Your Basement Dig and Your Soil: What Lies Beneath
February 7, 2018
When you are embarking on a basement conversion, you are going to have all sorts of questions. There is a lot to think about and a lot to consider.
There will, of course, be various tasks on your list: It is important to look at planning permission in your area, to establish whether your existing property is structurally stable and to have a party wall agreement.
What lies beneath?
It is also important to know the type of material underneath your home before any works take place. This step needs to be taken early on in the process, as this will establish whether a basement dig is possible, what type of foundations you might need for your basement and what sort of cost you will be looking at.
Although in London many houses are built on clay, it’s never sensible to assume. There are a variety of potential materials, which could range from rock, peat, gravel, sand, chalk. Maybe even some concrete and some ground conditions can prove more difficult to work with than others.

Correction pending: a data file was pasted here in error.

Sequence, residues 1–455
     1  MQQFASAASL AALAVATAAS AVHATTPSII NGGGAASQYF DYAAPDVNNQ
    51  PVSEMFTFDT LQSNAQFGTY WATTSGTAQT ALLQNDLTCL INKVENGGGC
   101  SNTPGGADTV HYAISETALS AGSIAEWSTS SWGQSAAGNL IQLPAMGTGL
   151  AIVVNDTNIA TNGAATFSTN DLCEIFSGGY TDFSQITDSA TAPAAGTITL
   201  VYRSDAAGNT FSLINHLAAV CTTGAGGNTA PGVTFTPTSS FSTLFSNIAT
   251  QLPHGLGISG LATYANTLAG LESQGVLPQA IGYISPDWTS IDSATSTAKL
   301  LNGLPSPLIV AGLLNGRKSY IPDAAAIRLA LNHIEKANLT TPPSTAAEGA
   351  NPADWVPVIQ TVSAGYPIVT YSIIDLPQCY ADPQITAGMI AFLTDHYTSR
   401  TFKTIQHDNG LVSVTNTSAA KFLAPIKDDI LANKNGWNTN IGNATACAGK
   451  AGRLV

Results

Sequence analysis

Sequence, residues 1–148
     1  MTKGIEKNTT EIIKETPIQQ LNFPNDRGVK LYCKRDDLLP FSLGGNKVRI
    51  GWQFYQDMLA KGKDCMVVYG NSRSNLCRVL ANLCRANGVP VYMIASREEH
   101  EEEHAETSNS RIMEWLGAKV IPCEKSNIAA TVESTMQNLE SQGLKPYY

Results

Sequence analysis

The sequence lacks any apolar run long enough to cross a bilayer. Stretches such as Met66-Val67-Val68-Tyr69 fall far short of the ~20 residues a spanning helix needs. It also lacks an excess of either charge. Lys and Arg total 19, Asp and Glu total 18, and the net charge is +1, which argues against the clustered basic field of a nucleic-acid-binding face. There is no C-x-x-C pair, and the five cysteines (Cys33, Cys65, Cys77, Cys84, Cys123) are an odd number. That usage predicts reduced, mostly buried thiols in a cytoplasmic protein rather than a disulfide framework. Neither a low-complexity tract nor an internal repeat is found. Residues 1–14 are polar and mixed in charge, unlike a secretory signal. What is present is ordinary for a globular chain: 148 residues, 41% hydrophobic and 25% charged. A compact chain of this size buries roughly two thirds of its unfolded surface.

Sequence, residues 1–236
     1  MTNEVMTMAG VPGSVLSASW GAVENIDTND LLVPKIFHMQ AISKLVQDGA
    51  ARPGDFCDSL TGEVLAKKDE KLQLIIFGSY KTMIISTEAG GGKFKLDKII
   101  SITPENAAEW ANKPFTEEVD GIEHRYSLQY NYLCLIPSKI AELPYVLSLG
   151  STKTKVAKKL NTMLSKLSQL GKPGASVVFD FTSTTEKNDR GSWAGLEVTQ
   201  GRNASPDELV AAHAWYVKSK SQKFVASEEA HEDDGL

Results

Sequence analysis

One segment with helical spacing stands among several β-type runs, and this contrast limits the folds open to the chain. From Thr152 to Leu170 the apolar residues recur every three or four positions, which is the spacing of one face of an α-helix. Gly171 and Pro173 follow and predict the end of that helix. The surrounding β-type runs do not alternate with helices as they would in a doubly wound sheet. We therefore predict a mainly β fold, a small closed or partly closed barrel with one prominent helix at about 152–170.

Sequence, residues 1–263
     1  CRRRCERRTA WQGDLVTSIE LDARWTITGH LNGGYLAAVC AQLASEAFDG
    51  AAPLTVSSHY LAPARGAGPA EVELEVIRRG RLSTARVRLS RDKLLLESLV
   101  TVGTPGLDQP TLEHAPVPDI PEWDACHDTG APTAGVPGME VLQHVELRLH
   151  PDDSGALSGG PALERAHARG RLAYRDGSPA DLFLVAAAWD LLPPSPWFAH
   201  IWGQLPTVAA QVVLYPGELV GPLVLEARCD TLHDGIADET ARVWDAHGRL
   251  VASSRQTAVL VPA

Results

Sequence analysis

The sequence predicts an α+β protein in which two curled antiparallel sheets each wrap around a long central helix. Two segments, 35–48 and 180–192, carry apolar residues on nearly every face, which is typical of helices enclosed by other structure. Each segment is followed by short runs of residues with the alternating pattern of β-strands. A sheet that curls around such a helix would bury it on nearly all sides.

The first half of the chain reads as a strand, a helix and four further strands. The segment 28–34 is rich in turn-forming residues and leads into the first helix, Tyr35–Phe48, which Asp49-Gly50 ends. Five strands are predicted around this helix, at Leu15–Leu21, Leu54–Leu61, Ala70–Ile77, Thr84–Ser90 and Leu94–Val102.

Your local building control authority Building Control department will be able to initially indicate typical soil in your vicinity. However, in order to work out for sure what type of soil you have, a ground or geology survey is needed. This can be undertaken by a structural engineer or a basement conversion company who will dig trial holes and take samples of the soil to look at. This will also show any potential issues concerning the water table level.
Images from a recent basement dig project in SW London
That being said, it is not always one hundred percent possible to say exactly what is underneath until you start digging, which is something to bear in mind. Any issues found once building has commenced will be worked through with your building company, structural engineer or project manager.